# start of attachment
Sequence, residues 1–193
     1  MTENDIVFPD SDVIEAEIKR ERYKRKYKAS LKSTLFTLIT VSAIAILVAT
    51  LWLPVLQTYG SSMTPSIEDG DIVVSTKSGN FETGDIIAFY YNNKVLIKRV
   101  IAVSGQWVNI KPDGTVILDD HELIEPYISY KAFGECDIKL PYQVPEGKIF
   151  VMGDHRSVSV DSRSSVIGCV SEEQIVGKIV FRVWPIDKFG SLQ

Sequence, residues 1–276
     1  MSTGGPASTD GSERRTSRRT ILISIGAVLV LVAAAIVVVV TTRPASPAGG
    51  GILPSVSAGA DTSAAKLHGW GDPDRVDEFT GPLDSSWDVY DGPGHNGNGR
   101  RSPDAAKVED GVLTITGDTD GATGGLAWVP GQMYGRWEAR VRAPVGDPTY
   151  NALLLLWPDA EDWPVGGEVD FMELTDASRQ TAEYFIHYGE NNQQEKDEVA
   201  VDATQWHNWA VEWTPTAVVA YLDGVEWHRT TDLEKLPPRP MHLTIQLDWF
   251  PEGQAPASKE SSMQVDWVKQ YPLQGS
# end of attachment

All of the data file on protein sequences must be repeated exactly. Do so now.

Sequence, residues 1–193
     1  MTENDIVFPD SDVIEAEIKR ERYKRKYKAS LKSTLFTLIT VSAIAILVAT
    51  LWLPVLQTYG SSMTPSIEDG DIVVSTKSGN FETGDIIAFY YNNKVLIKRV
   101  IAVSGQWVNI KPDGTVILDD HELIEPYISY KAFGECDIKL PYQVPEGKIF
   151  VMGDHRSVSV DSRSSVIGCV SEEQIVGKIV FRVWPIDKFG SLQ

Sequence, residues 1–276
     1  MSTGGPASTD GSERRTSRRT ILISIGAVLV LVAAAIVVVV TTRPASPAGG
    51  GILPSVSAGA DTSAAKLHGW GDPDRVDEFT GPLDSSWDVY DGPGHNGNGR
   101  RSPDAAKVED GVLTITGDTD GATGGLAWVP GQMYGRWEAR VRAPVGDPTY
   151  NALLLLWPDA EDWPVGGEVD FMELTDASRQ TAEYFIHYGE NNQQEKDEVA
   201  VDATQWHNWA VEWTPTAVVA YLDGVEWHRT TDLEKLPPRP MHLTIQLDWF
   251  PEGQAPASKE SSMQVDWVKQ YPLQGS